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Notice to Readers: American Heart Month --- February 2002

February is American Heart Month. During 2002, an estimated 1.1 million Americans will have a first or recurrent heart attack, and approximately 700,000 will die of heart disease. Among those who die, approximately 60% will die suddenly before they can reach a hospital. Recognizing and responding promptly to heart attack symptoms and receiving the appropriate artery opening treatment within 1 hour of symptom onset can prevent or limit heart damage (1). Early defibrillation within 6 minutes is the best treatment for cardiac arrest.

The American Heart Association, American College of Cardiology, state and federal agencies, and many CDC cardiovascular programs are developing and implementing activities to increase public awareness about the symptoms and signs of a heart attack. For example, during February, the Missouri state health department will promote information about heart attack symptoms at sporting events; the National Heart Attack Alert Program of the National Heart, Lung, and Blood Institute and the American Heart Association are collaborating on a nationwide heart attack education campaign, "Act in Time to Heart Attack Signs," which promotes awareness of heart attack symptoms and the formulation between patient and physician of a heart attack survival plan that emphasizes the importance of calling 9-1-1 as soon as symptoms begin (1).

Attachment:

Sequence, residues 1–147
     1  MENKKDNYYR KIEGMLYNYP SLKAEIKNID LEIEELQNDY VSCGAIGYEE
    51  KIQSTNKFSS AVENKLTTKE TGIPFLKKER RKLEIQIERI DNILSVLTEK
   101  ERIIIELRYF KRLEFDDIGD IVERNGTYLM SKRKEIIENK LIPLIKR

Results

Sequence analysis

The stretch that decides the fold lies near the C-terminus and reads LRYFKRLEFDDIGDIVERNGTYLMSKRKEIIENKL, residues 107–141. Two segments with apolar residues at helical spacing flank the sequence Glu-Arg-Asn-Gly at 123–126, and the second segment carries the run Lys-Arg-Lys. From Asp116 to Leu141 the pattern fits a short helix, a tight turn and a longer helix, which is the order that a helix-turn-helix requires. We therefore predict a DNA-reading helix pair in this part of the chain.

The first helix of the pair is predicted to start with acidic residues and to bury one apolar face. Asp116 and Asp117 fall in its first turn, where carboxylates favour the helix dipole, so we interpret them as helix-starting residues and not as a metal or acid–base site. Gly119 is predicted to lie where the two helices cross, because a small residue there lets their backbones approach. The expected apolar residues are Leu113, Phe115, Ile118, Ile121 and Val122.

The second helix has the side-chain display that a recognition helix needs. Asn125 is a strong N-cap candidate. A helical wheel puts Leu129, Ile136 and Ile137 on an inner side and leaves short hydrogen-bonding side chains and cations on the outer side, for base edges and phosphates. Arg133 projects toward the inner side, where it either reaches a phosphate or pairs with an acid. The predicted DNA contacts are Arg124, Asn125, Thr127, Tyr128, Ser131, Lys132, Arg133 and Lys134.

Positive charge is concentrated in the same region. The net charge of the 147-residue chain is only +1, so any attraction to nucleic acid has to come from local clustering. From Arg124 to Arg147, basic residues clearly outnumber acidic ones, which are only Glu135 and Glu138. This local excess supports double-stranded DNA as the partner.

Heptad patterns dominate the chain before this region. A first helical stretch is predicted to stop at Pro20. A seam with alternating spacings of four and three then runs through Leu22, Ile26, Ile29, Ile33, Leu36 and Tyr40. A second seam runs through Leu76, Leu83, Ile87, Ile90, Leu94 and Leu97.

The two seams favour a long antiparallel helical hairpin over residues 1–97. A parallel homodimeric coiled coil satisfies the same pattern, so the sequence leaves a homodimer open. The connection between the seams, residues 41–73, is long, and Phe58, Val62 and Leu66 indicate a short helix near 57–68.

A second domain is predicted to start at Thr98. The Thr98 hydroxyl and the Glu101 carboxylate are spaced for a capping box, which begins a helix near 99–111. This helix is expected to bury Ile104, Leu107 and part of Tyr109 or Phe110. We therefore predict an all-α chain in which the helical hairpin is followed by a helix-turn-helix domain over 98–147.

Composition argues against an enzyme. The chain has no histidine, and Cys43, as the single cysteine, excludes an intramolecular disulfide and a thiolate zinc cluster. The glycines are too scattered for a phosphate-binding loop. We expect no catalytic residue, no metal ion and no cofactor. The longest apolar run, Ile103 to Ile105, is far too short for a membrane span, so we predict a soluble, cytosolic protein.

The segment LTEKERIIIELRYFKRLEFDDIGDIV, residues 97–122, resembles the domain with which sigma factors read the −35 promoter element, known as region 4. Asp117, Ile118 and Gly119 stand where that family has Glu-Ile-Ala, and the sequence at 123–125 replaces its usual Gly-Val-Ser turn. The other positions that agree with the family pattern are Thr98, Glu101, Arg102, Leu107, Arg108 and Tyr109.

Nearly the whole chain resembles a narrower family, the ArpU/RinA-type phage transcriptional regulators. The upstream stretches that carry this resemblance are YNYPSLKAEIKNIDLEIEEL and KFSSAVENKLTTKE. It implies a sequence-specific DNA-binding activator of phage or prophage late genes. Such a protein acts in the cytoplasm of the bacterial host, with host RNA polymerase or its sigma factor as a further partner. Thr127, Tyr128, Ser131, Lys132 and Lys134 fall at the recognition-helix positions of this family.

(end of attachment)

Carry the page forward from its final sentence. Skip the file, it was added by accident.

Additional information is available at the American Heart Association at http://www.americanheart.org/, the American College of Cardiology at http://www.acc.org/, and the National Heart, Lung, and Blood Institute at http://www.nhlbi.nih.gov/actintime. Information about CDC's Cardiovascular Health Program and an interactive mapping of heart disease mortality at state and county levels are available at http://www.cdc.gov/nccdphp/cvd.

Reference

  1. Ornato JP, Hand MM. Warning signs of a heart attack. Circulation 2001;104:1212--3.

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Page converted: 2/14/2002

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This page last reviewed 2/14/2002